“There are constant memories of Allen on the floor. His presence is still very much felt at the Capitol,” Bell said. “Jeff [Graham] and I were talking and I knew I wanted to do something. I started talking to colleagues and I started hearing about a resolution.”
The resolution honors Thornell’s HIV activism, his work with Georgia Equality, the Service Employees International Union and neighborhood activism.
“For whatever reason, I’ve been given this opportunity to serve. And I can’t think of that without thinking of Allen,” she said.
The resolution, however, does not mention Thornell was gay. Bell said she made the decision as part of the give-and-take in politics — especially in the midst of the resignation of House Speaker Glenn Richardson and her uncertainty as to how senior House members might react to the word “gay.”
“It was one of those hard decisions,” Bell said. “I’m very pleased with the resolution, his family is pleased with it and so are his friends. For me, this was an issue of picking battles. And I think Allen is pleased.”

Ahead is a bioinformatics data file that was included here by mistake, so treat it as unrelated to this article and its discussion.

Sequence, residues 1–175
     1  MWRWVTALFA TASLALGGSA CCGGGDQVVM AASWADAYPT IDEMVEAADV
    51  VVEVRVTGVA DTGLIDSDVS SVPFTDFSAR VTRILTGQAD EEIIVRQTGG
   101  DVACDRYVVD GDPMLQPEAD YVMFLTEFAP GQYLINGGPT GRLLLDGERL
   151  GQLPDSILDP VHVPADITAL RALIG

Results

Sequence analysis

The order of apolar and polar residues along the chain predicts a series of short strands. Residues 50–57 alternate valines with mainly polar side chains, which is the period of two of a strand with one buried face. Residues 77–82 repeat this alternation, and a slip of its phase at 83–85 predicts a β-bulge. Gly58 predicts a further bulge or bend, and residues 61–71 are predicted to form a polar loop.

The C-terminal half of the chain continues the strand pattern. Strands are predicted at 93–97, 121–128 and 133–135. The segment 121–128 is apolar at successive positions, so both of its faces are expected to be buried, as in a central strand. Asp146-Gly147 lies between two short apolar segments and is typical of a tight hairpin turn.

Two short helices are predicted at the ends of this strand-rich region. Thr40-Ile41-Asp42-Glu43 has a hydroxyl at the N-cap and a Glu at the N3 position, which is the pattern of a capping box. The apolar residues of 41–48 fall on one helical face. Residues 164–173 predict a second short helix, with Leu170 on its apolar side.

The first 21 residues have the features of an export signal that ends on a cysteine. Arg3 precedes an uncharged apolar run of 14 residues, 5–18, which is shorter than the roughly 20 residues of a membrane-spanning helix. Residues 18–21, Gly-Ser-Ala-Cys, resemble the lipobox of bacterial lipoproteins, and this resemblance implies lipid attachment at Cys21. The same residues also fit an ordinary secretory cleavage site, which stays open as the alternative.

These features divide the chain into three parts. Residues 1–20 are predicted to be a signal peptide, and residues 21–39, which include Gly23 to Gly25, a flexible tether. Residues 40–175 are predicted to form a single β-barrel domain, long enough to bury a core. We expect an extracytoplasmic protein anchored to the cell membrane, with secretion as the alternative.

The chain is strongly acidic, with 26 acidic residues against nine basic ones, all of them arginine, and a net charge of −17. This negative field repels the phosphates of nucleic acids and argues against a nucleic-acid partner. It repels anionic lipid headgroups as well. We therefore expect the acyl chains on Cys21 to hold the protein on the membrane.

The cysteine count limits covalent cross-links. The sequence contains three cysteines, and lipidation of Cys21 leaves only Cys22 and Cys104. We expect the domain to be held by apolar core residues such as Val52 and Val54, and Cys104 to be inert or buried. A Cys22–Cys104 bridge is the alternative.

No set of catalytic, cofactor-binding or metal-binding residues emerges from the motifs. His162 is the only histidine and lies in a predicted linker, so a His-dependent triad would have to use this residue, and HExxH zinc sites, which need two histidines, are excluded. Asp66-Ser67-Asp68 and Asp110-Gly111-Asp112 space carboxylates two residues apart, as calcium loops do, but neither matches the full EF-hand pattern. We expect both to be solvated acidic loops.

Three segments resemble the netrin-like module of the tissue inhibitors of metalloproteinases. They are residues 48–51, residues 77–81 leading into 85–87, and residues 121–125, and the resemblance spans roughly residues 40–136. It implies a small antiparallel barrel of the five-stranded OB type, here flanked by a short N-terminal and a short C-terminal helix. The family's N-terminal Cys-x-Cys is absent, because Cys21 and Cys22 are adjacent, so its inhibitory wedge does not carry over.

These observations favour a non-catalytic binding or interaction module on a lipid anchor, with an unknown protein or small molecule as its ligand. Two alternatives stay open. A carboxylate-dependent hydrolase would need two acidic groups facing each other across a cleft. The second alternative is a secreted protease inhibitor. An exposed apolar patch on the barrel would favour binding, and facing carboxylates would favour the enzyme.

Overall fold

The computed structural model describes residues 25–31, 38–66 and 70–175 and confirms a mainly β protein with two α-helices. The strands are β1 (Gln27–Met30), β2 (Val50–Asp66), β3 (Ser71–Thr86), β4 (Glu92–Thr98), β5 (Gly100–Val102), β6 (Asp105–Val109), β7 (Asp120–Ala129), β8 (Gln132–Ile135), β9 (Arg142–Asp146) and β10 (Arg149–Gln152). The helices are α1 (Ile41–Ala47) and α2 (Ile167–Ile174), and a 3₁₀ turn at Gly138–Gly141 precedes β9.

Graham, who was a good friend of Thornell’s, said Bell’s election to the House of Representatives helps cement Thornell’s legacy in Georgia politics and activism. “I look forward to her really making a name for herself,” Graham said.
Bell credits her parter of 21 years, Val Acree, with the support she’s needed to take her career to another level.
“Val is my world. People say to me you’re such a warrior woman. What they don’t know is I couldn’t do any of this without Val. She’s my biggest cheerleader. She believes in me when I don’t believe in myself,” she said. “Without Val, there could never have been a campaign, a state rep, or anything … she’s the best thing that ever happened to me.”
But Bell deserves her own credit for running her campaign with true grassroots drive — with volunteers from all backgrounds, including transgender people, straight allies, gay and lesbian friends, and supporters from a variety of ethnic and racial backgrounds that make up her progressive district.